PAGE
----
Q Scott, why is the President disappointed with the process? Because it's inconceivable that you could put forward a nominee whose background and expertise in constitutional law you can't illuminate to the people who have to confirm her.
MR. McCLELLAN: Harriet Miers is an extraordinarily well-qualified individual. And the President reiterated that in his statement that you all now have. And there have been people who have not previously served on the Court that have been confirmed to the nation's highest court. They --
Q Right -- can look into their background.
MR. McCLELLAN: There are people -- well, no, I just pointed out that even previous nominees like -- I mean, look at Chief Justice Rehnquist, or Justice White, or Justice Powell. I mean, they were people that didn't come from the court and they weren't required to answer certain questions. But senators were making it clear to us that because of her unique record that they were going to require her to cross certain lines, and she was not willing to cross those lines.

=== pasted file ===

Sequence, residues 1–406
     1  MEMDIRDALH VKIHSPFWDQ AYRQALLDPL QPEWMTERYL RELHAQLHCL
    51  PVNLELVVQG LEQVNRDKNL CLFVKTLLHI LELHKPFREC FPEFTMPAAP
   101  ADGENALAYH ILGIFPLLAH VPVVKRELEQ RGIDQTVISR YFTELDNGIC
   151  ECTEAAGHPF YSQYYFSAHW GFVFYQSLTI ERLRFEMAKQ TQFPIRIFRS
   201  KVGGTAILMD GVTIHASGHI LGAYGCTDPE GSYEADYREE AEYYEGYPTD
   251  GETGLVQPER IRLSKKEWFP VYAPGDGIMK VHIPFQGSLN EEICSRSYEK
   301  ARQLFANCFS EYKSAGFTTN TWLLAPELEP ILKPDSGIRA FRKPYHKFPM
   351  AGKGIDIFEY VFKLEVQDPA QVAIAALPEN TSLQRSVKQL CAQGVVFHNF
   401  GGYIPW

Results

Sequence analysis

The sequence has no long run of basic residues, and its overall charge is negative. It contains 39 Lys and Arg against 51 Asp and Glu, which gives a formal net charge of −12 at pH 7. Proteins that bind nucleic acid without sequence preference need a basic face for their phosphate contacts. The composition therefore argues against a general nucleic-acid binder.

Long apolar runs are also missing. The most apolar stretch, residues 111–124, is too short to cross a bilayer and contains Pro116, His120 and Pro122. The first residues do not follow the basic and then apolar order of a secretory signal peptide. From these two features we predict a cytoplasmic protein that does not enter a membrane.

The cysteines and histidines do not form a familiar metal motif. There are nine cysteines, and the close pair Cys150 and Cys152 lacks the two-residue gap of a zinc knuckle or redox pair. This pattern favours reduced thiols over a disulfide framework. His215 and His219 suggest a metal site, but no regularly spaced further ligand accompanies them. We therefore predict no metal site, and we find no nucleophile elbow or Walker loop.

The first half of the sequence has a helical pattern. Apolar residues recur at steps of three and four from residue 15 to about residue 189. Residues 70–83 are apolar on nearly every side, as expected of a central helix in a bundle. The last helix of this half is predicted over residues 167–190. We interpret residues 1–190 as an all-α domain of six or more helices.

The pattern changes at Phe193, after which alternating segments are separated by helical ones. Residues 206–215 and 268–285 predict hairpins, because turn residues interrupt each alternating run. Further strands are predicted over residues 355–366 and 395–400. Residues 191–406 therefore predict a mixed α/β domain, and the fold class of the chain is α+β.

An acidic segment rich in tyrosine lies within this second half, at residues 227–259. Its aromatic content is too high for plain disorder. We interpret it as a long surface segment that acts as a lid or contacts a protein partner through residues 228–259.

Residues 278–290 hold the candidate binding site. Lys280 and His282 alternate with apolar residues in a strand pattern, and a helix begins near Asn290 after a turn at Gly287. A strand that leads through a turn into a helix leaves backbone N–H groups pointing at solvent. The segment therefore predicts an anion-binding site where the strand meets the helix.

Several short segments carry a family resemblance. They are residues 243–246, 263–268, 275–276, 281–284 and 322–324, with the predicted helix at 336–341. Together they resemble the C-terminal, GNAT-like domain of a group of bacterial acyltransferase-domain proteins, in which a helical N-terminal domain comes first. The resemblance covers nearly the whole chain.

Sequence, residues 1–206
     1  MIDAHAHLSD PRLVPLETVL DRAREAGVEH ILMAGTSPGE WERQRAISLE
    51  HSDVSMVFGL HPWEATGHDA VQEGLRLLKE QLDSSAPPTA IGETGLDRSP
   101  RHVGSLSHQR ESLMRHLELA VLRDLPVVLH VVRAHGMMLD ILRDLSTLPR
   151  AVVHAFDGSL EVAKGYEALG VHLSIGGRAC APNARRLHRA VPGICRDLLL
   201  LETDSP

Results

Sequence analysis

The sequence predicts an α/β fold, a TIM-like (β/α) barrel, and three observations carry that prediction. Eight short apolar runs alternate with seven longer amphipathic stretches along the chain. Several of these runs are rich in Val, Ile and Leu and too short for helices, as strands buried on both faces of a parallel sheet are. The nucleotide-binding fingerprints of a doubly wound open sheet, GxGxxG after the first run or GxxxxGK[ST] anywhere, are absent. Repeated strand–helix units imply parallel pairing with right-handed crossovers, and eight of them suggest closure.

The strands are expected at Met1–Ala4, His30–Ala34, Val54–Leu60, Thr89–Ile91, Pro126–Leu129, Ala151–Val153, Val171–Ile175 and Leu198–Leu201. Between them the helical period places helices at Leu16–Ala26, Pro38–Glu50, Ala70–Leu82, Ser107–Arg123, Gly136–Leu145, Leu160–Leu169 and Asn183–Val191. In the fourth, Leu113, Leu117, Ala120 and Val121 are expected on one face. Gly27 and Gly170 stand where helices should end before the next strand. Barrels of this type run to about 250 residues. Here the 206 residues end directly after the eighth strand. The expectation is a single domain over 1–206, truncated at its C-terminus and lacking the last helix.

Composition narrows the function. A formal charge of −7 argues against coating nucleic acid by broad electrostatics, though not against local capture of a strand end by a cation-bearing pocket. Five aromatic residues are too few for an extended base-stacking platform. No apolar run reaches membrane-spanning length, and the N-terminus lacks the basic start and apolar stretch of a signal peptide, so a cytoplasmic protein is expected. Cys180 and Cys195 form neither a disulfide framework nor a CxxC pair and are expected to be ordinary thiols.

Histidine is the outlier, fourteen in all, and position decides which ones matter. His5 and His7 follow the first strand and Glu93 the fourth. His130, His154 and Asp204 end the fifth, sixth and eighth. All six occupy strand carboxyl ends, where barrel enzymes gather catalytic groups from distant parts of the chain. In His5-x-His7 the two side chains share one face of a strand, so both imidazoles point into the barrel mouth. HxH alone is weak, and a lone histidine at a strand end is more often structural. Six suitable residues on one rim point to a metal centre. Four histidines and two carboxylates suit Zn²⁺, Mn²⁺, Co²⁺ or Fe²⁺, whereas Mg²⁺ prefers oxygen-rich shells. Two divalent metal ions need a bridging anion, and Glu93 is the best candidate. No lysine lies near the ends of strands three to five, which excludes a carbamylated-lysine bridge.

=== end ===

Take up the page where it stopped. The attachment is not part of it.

Q It was specifically in the meetings with the senators that kind of tipped things --
MR. McCLELLAN: Meetings and discussions. It was both her meetings and discussions that members of the White House staff had with senators, as well, as part of your consultations during the confirmation --
Q That gave you an indication that she would have to cross that line?
MR. McCLELLAN: -- during the confirmation process. But, remember, one of the things the senators emphasized at the beginning to the President was that he should look for a different perspective on the court, someone from outside the court. So that's what -- and he is -- he has a lot of respect and admiration for Harriet Miers, and that has only grown by her decision.
Q Scott, forgive me if you did this before I walked in, but as recently as yesterday, you know, you were really standing by this thing. When did she make this decision --